By March, both hemispheres of the Earth have days and nights of similar length. In the north, the Sun will now be higher in the sky. At the vernal equinox on about 22 March, the Sun is above the horizon for around 12 hours over most of the Earth's surface. The northern spring and southern autumn begin this month.

North of the tropics, the northern hemisphere has the longest days during June, when it is tilted towards the Sun. The Sun is high in the sky, so its heat strikes the ground at a steep angle leading to warmer weather. The Sun reaches its highest point on 21 June, the summer solstice. At this time of year, the part of the Earth to the south of the tropics is entering winter.

In September, both hemispheres again have days and nights of similar length. At the autumnal equinox on 23 September, the Sun is again above the horizon for 12 hours across the globe. This month sees the onset of autumn in the northern hemisphere and spring south of the equator.

June solstice
June solstice
Equinoxes
Equinoxesclick to enlarge
December solstice
December solstice
   Lengths of days and nights at different places on the Earth. See the key below for the    location of each place highlighted.

Tromso, Norway 69° 42'N
Greenwich 51° 30'N
Equator 0°
Sydney, Australia 33° 32' 23''S

In June
Tromso never rotates into the Earth's shadow, experiencing 24 hours of daylight
In Greenwich we experience long summer days and short nights
At the equator days and nights are of equal length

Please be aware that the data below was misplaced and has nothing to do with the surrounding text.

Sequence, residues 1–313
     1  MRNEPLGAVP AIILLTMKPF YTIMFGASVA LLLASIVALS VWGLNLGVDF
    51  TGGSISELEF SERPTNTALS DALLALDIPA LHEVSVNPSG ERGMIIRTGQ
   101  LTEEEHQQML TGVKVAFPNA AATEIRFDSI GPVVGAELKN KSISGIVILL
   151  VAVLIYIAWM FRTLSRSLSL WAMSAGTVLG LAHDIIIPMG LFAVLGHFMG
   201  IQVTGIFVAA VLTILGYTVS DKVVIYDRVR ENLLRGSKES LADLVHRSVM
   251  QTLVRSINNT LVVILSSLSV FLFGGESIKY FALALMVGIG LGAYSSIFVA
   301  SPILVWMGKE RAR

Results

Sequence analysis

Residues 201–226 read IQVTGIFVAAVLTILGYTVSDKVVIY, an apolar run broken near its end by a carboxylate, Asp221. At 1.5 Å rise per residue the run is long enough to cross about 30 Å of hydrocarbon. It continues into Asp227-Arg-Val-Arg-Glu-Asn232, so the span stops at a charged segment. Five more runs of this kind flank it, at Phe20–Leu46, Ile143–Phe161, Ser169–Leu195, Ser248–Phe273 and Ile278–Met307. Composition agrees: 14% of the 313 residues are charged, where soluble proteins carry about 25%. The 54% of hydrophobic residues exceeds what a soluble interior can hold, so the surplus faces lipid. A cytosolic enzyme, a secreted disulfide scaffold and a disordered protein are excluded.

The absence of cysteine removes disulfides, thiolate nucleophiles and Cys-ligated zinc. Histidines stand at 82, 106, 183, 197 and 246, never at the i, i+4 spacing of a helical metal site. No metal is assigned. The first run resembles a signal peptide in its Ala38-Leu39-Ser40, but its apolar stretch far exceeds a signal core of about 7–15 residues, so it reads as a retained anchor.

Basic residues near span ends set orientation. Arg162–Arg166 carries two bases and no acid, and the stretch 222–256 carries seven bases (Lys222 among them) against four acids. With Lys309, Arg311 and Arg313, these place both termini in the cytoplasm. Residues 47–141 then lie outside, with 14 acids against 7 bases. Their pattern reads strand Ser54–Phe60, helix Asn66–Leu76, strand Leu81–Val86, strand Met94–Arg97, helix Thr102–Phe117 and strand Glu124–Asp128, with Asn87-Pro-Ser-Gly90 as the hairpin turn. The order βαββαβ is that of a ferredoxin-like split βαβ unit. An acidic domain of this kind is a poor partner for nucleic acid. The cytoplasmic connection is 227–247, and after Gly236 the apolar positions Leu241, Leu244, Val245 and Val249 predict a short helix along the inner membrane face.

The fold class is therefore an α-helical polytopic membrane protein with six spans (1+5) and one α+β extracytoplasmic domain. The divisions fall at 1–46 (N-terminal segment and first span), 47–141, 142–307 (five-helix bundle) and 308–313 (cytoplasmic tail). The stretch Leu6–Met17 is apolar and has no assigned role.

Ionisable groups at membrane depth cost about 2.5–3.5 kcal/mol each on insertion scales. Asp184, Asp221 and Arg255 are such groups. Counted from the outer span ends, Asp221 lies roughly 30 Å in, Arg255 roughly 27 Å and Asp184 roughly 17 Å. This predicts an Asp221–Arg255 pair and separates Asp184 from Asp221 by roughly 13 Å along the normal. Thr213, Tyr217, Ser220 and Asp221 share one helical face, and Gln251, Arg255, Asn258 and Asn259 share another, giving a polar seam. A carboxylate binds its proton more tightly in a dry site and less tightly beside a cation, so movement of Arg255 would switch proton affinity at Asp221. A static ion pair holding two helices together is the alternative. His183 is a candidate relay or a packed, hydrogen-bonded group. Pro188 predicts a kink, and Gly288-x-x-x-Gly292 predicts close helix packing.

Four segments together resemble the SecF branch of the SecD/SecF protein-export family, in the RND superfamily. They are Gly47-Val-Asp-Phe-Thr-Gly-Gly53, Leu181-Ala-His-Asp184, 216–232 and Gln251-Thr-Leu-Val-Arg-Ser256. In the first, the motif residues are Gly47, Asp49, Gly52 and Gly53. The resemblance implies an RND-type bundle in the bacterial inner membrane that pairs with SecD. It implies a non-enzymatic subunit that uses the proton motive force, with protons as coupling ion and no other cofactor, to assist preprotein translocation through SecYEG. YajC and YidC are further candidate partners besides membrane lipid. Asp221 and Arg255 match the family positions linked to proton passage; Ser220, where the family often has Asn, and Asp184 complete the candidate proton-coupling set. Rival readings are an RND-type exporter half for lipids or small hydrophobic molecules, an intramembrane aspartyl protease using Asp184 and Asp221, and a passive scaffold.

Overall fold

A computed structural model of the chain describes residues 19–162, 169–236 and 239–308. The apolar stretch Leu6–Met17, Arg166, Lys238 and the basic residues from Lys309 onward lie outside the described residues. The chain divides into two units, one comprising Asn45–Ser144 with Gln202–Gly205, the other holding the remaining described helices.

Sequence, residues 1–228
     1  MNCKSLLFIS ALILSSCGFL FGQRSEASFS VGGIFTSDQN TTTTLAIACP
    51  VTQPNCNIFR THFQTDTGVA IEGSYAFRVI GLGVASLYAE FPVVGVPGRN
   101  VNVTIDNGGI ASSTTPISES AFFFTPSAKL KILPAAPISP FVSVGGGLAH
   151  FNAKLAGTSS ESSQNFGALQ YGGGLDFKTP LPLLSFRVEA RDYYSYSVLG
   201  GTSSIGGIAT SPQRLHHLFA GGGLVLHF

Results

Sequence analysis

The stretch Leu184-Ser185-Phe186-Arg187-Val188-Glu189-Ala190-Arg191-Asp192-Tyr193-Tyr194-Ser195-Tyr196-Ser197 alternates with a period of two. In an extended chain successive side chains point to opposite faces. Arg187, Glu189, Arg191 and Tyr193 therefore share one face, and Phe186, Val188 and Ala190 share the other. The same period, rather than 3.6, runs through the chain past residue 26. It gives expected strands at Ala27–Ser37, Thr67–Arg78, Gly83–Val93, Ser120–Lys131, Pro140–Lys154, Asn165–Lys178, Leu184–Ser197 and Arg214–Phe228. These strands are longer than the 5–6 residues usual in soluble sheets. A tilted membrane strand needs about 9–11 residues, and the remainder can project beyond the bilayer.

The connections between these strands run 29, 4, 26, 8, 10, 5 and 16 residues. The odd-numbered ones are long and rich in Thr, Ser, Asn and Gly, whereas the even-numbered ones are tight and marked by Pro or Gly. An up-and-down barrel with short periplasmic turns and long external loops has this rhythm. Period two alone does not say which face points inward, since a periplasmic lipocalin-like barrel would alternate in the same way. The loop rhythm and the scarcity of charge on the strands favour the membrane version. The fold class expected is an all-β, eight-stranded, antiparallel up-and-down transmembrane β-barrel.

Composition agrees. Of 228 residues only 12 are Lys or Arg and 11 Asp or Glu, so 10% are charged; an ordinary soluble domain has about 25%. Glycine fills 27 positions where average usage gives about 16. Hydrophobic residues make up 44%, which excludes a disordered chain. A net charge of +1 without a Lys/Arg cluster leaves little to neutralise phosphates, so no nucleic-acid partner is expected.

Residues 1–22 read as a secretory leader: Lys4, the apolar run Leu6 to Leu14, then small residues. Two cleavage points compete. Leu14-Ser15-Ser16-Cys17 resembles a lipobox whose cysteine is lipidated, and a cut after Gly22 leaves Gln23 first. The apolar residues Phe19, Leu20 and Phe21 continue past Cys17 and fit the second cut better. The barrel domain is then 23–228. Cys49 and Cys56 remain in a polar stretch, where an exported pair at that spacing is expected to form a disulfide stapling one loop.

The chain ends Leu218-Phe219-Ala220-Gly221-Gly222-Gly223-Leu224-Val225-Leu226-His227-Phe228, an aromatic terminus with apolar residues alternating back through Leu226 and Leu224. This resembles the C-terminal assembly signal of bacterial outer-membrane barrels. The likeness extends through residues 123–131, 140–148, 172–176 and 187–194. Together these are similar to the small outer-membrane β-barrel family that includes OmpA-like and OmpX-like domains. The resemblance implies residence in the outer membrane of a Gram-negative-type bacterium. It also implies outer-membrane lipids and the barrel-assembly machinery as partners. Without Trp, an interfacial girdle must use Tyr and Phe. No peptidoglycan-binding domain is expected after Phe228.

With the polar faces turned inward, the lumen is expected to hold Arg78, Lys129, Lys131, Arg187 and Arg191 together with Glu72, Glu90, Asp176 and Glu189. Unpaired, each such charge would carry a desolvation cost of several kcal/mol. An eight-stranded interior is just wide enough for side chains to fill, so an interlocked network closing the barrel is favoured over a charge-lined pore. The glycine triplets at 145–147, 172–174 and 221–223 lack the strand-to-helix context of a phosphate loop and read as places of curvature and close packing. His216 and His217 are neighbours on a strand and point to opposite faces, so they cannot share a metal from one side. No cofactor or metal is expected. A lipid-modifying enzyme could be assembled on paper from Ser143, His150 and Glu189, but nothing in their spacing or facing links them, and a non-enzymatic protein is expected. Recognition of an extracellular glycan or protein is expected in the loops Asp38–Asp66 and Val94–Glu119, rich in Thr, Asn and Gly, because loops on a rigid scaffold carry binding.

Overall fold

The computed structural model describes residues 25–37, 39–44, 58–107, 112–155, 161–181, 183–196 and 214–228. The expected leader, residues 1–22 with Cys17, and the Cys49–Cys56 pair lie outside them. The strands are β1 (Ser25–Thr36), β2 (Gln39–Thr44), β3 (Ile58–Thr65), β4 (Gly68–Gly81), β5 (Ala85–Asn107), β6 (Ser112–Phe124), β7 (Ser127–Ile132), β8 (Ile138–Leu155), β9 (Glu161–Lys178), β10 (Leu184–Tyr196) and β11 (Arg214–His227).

Sydney has short hours of daylight and long nights

Equinoxes
All points on the Earth experience days and nights of roughly 12 hours in length

In December
Tromso never rotates into daylight, experiencing continuous night
Greenwich has short winter days and long nights
At the equator days and nights are of equal length
Sydney has long hours of daylight and short nights


The Sun's energy over a year
The Sun's energy over a year

During the winter the Sun's radiation strikes the ground at a shallow angle and days are short. This results in cooler weather. However, during the summer the reverse is true; the Sun's radiation strikes the ground at a steeper angle, and the days are longer, resulting in warmer weather.

Path of the Sun at mid-northern latitudes
Path of the Sun at mid-northern latitudes

In winter the Sun rises in the south-east and sets in the south-west. At the equinoxes the Sun rises in the east and sets in the west. In summer the Sun rises in the north-east and sets in the north-west.


Questions to think about

1. Explain with a diagram why some places of the Earth have 24 hours of daylight and 24 hours of darkness for part of the year.


2. Rewrite and correct the following statement:

During the summer, the northern hemisphere of the Earth is tilted towards the Sun. This means that the UK is closer to the Sun and so the weather is warmer. In winter, it is tilted away from the Sun so the UK is further away and the weather is colder.


3. Mars has an orbit where its distance from the Sun ranges from 210 to 250 million km. The southern winter takes place when it is furthest from the Sun and southern summer occurs when it is nearest. What effect will this have on the seasons in each hemisphere?


4. Why do you think the view of the stars from Earth changes with the seasons?